Mechanisms controlling the distribution of nutrients in the Laptev Sea (TRANSDRIFT XXIV + XXV)
The goal of this task is to determine the mechanisms controlling the supply, distribution and utilization of nutrients, their biogeochemical cycling in the Laptev Sea and their implications for changes in biological productivity related to the rapid warming of the Arctic region and the associated sea-ice loss. This will be achieved by combining for the first time an investigation of the dissolved stable-silicon(Si)-isotope compositions (used to trace the utilization of silicate by diatom growth) and barium(Ba)-isotope compositions (used to trace riverine inputs and the effects of particle interaction). These parameters will be complemented by dissolved silicate (Task B) and Ba concentrations, selected applications of established geochemical tracers of water-mass advection and mixing (neodymium (Nd) isotopes and rare earth elements (REEs)), and by stable oxygen isotope compositions of the water, which together with the salinity and alkalinity allow identifying freshwater sources including sea-ice-related processes and water-mass pathways.
The isotopic composition of dissolved Ba and Si together with Ba concentrations will be determined through state-of-the-art mass spectrometry on well-characterized samples obtained during the expeditions TRANSDRIFT XX (March-April 2012), TRANSDRIFT XXI (August-September 2013) and TRANSDRIFT XXII (September-October 2014) and compared to available Nd isotope, REE concentration, nutrient, stable-oxygen-isotope and CTD data derived from these samples. This dataset will be complemented by data from water samples to be obtained during two sea-going expeditions to the Laptev Sea in 2017 and 2018 (TRANSDRIFT XXIV and XXV). In addition to the dissolved Ba, Si and Nd isotope compositions, these parameters will also be determined on suspended particles and surface sediments in order to be able to characterize their complete biogeochemical cycles.
While Task A will carry out a systematic investigation of silicate cycling and biological utilization, as well as the impact of riverine inputs and water mass advection, Task B will provide essential information on changes in the cycling and the reservoirs of all nutrients on the Laptev Sea shelf and in their controlling factors. Task A will characterize the influence of changes in distinct freshwater sources such as rivers and sea ice on the biogeochemical cycling of silicate and assess and quantify the riverine inputs. This task will also address the question of how the seasonal and interannual variability of silicate distribution and utilization is linked to changes in biological productivity related to sea-ice loss.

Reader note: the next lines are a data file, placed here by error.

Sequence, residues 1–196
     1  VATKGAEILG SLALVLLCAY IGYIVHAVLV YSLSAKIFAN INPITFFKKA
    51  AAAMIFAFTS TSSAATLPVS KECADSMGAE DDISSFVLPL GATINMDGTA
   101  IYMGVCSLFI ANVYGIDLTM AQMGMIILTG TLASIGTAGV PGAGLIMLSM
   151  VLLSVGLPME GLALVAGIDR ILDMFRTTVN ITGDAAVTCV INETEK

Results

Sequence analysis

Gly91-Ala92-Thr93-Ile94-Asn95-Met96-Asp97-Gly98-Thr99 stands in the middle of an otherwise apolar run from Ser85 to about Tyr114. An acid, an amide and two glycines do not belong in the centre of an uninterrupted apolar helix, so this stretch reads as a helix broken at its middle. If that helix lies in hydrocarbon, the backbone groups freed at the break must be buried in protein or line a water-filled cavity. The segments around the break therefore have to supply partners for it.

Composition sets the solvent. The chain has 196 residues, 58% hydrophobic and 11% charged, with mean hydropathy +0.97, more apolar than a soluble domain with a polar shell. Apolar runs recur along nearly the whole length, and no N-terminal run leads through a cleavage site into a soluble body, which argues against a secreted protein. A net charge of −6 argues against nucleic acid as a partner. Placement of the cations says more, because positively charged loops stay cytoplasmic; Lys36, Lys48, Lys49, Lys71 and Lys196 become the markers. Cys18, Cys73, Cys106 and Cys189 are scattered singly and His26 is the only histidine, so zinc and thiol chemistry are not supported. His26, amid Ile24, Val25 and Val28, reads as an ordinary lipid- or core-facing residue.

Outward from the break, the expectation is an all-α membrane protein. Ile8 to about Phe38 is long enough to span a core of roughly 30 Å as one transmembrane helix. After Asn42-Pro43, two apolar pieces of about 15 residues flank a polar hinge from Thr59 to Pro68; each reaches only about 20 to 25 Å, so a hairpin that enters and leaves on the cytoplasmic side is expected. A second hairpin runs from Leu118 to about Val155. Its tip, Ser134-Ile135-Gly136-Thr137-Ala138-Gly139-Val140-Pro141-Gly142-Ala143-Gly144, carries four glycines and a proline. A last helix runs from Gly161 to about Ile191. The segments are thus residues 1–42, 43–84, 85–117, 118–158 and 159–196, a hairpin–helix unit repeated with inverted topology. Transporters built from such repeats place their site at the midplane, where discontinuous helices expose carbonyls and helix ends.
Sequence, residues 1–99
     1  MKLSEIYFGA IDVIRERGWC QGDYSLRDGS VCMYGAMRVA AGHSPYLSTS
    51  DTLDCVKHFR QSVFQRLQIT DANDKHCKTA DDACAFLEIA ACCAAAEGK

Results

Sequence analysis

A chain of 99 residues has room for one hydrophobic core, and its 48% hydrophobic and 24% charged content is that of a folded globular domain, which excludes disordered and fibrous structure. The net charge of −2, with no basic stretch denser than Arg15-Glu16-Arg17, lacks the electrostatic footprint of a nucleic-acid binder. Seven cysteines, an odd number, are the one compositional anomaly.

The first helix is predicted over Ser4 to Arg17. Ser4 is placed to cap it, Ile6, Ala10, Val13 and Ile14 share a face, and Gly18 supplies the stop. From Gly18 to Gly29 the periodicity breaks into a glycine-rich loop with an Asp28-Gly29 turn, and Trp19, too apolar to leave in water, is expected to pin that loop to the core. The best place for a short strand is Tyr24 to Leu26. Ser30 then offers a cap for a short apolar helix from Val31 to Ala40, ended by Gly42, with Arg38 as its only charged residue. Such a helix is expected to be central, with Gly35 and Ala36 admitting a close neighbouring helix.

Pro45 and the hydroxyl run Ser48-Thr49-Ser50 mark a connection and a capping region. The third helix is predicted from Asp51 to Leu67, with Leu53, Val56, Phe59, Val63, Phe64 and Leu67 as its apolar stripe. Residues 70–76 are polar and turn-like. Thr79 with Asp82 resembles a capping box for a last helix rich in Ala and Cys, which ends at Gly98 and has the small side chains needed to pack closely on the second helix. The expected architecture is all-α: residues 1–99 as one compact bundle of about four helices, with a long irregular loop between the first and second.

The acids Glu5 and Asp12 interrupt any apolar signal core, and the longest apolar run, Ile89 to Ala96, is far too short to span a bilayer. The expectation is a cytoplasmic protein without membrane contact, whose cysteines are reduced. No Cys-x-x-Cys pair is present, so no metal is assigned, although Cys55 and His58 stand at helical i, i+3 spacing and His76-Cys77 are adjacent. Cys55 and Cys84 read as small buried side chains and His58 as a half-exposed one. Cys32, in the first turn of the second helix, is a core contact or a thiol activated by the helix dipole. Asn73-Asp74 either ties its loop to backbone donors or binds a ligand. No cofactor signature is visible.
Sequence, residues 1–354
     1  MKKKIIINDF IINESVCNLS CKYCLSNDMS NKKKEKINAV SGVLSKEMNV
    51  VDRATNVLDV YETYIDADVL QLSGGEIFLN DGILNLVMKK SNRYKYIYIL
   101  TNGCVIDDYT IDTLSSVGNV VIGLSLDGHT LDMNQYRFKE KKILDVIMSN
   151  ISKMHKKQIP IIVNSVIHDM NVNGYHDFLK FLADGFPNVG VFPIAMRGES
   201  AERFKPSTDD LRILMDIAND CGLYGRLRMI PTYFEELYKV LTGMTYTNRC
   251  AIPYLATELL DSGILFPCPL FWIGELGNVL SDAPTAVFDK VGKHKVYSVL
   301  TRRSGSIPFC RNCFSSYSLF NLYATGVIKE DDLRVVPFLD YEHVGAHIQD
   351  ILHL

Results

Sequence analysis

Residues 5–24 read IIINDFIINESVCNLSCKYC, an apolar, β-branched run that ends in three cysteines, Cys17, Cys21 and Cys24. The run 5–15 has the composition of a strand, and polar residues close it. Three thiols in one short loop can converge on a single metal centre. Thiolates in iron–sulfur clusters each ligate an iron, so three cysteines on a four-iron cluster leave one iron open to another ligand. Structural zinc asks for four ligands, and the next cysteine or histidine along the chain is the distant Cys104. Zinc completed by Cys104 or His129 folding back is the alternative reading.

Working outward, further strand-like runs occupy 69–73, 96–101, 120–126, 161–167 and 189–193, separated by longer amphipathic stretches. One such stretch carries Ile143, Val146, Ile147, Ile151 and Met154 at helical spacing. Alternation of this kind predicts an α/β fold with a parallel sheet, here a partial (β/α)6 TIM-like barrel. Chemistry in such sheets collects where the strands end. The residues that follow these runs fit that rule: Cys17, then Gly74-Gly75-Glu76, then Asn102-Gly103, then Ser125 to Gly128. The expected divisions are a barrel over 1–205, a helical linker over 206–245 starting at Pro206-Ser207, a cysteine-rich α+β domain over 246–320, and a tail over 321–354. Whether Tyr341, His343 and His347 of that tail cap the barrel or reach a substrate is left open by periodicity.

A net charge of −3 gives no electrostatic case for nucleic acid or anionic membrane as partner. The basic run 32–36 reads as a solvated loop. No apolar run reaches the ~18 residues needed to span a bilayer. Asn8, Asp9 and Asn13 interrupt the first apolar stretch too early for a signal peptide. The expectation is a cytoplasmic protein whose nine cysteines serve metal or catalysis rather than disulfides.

The GEOMAR team will determine the isotopic composition of dissolved Ba, Si and Nd as well as Ba and REE concentrations and stable oxygen isotopes (see below for a detailed description of the research in Task 3A for which the CATS scientists apply for funding on the German side). The AARI team will contribute the determination of dissolved nutrients (Si, P, N), total alkalinity and pH, and their linkage to the hydrographic data. The team of Kiel University will provide information on the distribution of suspended material and will evaluate the findings with regard to the functioning of the marine ecosystems of this Arctic region.
|Georgi Laukert||GEOMAR Helmholtz Centre for Ocean Research Kiel|
|Dorothea Bauch||GEOMAR Helmholtz Centre for Ocean Research Kiel|
|Martin Frank||GEOMAR Helmholtz Center for Ocean Research Kiel|
|Andrey Novikhin||Arctic and Antarctic Research Institute|
|Dieter Piepenburg||Christian Albrechts University Kiel|
|Vasily Povazhnyy||Arctic and Antarctic Research Institute|